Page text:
The Teachers Service Commission (TSC) and three major teachers’ unions in Kenya have hit a roadblock in their salary review negotiations, sparking frustration among educators. The Kenya National Union of Teachers (Knut), Kenya Union of Post-Primary Education Teachers (Kuppet), and Kenya Union of Special Needs Education Teachers (Kusnet) failed to reach an agreement with TSC representatives on compensation terms during recent talks in Nairobi.
The discussions centered on how to compensate teachers as part of the salary review process. The unions expressed dissatisfaction with TSC’s initial offer, deeming it significantly below their expectations. This impasse has led all parties to schedule further deliberations for the coming week, where revised proposals are expected to be presented.
The talks were expected to align with the 2021-25 Collective Bargaining Agreement (CBA), with Kuppet seeking a basic salary increase ranging from 30% to 70% for its members. Meanwhile, Knut aimed for a 60% pay raise for its teachers. However, TSC’s offer diverged from these expectations, leaving union leaders dissatisfied.
Knut and Kuppet secretaries-general Collins Oyuu and Akelo Misori contested TSC’s approach, which seemed influenced by President William Ruto’s recent statements and the guidance from the Salaries and Remuneration Commission (SRC). The unions argued that TSC, as an independent entity, has the authority to set salaries without directives from the salaries commission.
Furthermore, the unions were disheartened by TSC’s proposal to alter the previously recommended seven to ten percent salary increment for higher-grade teachers. Instead, TSC suggested a mere 2.5% increase for this group. Even for lower-grade teachers, the proposed increment was lower than the 9.5% initially recommended by SRC.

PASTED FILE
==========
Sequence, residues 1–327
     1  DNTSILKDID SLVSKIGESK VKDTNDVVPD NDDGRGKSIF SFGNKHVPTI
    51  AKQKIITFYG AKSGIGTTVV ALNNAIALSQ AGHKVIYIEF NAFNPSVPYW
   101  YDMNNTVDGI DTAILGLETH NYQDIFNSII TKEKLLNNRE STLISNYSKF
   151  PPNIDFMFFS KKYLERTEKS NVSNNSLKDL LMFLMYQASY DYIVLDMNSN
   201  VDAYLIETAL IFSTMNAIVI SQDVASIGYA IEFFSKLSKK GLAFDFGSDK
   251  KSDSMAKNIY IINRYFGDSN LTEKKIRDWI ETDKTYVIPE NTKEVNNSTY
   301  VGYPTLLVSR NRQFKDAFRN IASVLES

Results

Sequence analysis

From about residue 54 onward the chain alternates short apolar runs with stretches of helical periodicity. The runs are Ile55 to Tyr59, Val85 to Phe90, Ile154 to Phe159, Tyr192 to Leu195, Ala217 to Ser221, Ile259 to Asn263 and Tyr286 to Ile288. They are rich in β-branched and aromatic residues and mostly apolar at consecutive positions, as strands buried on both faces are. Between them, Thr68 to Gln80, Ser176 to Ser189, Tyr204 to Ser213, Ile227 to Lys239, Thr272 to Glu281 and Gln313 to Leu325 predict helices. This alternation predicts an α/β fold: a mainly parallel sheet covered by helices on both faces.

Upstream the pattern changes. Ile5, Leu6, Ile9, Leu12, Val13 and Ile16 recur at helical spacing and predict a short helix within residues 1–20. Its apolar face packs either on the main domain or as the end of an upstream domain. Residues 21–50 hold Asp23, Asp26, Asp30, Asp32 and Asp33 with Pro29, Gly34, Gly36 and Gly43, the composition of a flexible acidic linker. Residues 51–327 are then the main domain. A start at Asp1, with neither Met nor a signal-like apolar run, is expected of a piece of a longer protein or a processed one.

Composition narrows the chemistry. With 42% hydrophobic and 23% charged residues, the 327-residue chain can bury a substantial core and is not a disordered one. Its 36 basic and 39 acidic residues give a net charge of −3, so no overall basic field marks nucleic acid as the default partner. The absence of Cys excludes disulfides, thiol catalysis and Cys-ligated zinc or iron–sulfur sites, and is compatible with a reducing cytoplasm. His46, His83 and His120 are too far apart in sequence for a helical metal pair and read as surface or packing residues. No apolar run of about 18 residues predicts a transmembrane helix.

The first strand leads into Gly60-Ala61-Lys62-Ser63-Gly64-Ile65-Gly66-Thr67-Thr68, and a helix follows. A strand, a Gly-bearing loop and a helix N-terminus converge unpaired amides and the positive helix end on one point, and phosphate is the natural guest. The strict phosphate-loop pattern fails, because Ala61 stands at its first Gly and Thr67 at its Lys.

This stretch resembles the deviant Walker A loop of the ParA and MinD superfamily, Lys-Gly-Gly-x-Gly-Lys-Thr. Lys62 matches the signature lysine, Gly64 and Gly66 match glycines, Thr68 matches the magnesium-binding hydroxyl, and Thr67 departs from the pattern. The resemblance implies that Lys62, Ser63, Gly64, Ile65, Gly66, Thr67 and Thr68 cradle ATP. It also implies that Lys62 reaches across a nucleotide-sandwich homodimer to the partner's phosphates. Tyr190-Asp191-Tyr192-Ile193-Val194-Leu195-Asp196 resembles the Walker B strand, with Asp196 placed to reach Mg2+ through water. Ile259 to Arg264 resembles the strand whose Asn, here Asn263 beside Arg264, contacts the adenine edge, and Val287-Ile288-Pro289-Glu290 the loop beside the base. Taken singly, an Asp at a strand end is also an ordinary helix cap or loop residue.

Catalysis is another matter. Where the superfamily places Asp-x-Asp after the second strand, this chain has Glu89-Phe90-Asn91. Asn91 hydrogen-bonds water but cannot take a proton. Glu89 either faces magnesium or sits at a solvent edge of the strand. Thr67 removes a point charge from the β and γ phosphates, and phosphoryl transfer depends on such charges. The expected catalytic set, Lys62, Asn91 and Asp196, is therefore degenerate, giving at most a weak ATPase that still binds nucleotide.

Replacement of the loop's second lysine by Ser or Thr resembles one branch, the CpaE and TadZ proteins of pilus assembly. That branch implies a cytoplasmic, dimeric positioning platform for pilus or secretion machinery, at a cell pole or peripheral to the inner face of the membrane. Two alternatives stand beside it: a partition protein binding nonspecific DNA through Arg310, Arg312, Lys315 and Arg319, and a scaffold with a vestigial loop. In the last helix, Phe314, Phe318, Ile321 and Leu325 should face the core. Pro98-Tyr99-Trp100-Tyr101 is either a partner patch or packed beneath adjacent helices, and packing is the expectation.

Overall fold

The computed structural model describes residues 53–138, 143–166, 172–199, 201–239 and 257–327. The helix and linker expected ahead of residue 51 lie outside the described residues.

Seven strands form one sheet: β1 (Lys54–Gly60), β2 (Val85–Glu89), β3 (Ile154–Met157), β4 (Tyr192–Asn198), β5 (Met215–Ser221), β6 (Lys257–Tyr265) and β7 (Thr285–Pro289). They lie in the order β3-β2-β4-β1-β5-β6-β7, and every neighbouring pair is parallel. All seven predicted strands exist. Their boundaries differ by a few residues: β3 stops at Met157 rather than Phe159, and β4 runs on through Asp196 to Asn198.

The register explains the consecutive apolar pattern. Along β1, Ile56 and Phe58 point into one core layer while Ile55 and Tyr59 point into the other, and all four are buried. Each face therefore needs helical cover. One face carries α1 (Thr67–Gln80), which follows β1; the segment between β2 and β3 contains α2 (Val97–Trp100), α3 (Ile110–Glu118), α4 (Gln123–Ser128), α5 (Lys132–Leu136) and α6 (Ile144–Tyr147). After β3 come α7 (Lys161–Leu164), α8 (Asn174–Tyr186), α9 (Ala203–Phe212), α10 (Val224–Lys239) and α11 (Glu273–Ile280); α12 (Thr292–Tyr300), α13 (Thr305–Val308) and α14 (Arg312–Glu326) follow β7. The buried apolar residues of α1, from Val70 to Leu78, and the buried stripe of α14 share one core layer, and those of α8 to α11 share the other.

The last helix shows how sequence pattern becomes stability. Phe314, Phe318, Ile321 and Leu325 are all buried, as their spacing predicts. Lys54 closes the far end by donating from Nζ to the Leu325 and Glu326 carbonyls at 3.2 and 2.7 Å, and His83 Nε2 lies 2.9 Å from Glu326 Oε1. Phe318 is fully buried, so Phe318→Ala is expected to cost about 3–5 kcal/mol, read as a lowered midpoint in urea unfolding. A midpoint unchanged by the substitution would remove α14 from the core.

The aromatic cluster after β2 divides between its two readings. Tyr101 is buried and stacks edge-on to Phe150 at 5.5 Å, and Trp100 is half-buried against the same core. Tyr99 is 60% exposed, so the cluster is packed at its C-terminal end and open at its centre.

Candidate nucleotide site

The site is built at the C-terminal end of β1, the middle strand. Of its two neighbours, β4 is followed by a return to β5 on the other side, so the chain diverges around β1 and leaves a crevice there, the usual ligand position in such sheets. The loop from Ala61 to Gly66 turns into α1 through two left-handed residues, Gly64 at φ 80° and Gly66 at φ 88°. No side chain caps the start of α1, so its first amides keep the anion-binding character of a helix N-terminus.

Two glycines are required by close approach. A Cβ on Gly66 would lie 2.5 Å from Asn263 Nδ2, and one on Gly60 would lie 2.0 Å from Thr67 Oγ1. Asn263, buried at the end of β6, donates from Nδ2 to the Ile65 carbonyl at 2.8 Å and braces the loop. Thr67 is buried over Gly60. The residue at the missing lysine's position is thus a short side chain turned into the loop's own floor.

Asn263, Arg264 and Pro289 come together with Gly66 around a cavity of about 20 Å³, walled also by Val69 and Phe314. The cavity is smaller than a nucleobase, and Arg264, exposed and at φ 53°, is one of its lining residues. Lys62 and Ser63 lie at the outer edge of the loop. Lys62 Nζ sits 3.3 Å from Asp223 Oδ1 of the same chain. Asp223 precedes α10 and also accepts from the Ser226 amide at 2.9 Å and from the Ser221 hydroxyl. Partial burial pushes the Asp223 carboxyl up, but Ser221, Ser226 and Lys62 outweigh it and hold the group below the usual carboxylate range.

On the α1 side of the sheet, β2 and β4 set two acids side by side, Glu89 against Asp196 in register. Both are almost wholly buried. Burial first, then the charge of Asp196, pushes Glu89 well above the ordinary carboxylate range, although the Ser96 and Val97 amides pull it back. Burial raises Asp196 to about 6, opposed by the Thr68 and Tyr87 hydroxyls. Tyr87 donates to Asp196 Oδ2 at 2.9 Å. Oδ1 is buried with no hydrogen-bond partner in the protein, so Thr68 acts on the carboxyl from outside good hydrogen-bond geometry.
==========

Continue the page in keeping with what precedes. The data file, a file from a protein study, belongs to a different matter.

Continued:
With Kenya’s inflation rate standing at around seven percent, a pay rise below this threshold would fail to mitigate the impact of rising costs of goods and services on educators’ livelihoods.
“The 7 to 10 percent was meant to cushion teachers and public servants during these harsh economic times. So, while we appreciate the President’s sentiments, we also need to engage with TSC to address the disparity between our expectations and their offer,” voiced Misori after the meeting with TSC representatives.
Oyuu echoed this sentiment, emphasizing that the proposed figures fell short of both the President’s statement and SRC’s guidance. He remarked, “We anticipated the President’s announcement to be in line with TSC’s proposal, but what we’ve received does not align with our expectations.”
Despite these challenges, both unions recognized the progress achieved by engaging in negotiations. They acknowledged TSC’s invitation for talks as a step in the right direction, fostering hope for further dialogue to reach a mutually beneficial resolution.
As the negotiations continue, educators and the public are keenly observing the outcomes of these discussions, which carry the potential to impact the well-being of teachers across the country.